Beyond Consolation: How We Became Too "clever" for God and Our Own Good
In the late spring of 2008 the acclaimed Irish writer Nuala O' Faolain went on a national Irish radio programme to tell the Irish people that she was dying of cancer. She was frightened of death and of the short time left to her.
Here was a spokesperson for a generation which now conjured up an abyss for itself, reviewing a culture she had inhabited and helped to create one last time. She believed neither in an afterlife nor in God.
With Nuala O' Faolain's broadcast as his point of departure, Waters examines this trajectory of Irish Culture to this point of despair. How reasonable is it to believe in nothing? He explores a new language to excavate the journey of Irish society from what appeared to be profound in its traditional faith to this moment of what might easily have been taken as a moment of nihilistic clarity. What modern men and women suffer from in modern culture is the lack of an idea of the infinite and the eternal.
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1 Give Me Back Yesterday
2 Where Every Tear Will Be Wiped Away
3 Winking at the Milky Way
4 The Silent Melody
5 Human Beings or Human Beans?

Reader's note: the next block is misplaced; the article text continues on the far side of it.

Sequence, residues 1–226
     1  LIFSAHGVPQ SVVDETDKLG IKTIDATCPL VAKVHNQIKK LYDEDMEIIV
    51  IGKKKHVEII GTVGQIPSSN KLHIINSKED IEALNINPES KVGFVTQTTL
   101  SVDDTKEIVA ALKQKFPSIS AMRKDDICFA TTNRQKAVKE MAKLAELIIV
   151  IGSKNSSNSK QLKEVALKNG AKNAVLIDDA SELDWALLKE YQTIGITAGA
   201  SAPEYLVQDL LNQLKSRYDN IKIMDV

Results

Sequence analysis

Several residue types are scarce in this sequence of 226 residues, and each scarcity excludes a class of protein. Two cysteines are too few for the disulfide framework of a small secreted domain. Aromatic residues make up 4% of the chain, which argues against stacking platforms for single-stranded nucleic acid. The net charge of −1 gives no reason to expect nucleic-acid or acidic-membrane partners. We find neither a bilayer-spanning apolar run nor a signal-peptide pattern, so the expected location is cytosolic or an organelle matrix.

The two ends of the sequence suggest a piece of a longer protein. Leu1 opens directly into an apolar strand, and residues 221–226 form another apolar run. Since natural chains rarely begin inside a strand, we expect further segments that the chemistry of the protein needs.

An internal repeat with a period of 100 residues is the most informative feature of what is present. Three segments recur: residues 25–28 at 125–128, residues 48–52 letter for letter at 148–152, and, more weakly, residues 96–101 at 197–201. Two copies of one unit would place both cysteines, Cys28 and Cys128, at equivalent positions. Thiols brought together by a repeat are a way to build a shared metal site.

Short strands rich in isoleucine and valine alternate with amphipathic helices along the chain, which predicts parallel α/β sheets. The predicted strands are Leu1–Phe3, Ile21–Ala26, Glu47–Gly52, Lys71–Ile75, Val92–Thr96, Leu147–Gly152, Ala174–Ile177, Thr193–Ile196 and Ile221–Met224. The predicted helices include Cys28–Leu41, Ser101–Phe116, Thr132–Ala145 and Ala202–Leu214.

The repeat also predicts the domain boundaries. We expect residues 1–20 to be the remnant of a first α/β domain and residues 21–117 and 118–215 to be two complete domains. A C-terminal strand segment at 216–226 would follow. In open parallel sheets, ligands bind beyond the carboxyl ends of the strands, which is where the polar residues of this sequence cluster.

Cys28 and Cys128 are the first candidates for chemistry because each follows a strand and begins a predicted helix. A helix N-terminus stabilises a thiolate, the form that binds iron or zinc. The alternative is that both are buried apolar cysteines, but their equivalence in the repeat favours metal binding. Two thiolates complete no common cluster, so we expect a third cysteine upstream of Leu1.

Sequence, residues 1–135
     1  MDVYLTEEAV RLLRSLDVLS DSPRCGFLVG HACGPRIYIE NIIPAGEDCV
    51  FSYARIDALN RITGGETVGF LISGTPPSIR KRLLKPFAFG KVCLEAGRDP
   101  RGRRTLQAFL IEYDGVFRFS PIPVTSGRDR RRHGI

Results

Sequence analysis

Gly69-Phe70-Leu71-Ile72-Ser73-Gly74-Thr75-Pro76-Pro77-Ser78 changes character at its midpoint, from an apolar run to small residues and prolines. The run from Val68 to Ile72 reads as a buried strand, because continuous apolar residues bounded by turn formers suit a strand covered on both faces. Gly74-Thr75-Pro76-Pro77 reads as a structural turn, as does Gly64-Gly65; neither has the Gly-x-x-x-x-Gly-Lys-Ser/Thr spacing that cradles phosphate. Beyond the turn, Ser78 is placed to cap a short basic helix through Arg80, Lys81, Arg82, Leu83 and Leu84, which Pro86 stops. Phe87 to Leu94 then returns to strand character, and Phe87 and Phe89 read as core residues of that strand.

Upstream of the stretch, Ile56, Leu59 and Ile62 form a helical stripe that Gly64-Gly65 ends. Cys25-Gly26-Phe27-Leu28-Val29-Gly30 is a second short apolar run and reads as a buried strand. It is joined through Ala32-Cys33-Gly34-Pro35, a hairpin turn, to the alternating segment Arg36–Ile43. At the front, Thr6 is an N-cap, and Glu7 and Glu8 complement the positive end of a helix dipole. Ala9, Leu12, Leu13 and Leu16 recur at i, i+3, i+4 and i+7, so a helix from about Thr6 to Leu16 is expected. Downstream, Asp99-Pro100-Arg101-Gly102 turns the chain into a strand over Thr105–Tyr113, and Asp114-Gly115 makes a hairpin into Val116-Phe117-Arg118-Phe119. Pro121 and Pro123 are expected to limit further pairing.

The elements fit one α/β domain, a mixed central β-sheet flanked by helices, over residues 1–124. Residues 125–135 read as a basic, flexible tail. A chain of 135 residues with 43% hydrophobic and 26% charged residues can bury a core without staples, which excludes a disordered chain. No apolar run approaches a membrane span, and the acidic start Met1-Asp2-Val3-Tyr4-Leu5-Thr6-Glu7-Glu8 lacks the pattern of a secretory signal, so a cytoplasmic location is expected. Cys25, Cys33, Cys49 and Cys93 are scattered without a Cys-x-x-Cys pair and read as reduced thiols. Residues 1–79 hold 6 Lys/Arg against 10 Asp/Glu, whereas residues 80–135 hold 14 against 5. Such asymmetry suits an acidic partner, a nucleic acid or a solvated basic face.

6 The Sabotage of Hope
7 The Dominion of What Is
8 The Keyhole of Reason
10 The Anatomy of Deabsolutisation
11 The Gulag of Unhope
12 Only Wonder Knows
13 The Tapestry of Hope
14 We Shall Have Stars at Elbow and Foot
15 Courtesy towards Christ
16 A Language to Hope In
9 The Poetics of Nothing
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absolute absolute horizon abuse asked beauty become began believe Ben Bulben capacity Catholic Catholicism Celtic Tiger Christ Christian Church conscious context created culture death deeper deﬁned deﬁnition desire difﬁcult dimension elements eternity everything existence experience extinction fact faith feel ﬁnal ﬁnd ﬁrst freedom fundamental going happened heart hope human human sexuality idea ideology imagine inﬁnite inﬂuence interview Ireland Irish Catholicism Irish society Ketamine Kevin Myers kind Knock shrine knowledge language listening live logic look machine man’s mankind Marian Finucane meaning modern moral mystery nature never newspaper Nuala O’Faolain ofit ofthe ofus ofwhat opinion polling ourselves Patrick Kavanagh perhaps poet possible question rational reality reason reﬂection relationship religion religious scientiﬁc Seamus Heaney seeking seemed sense signiﬁcance simply someone sometimes speak speciﬁc strange suggest talk tell things thought truth understanding unthinkingness VVhat VVhen VVhy words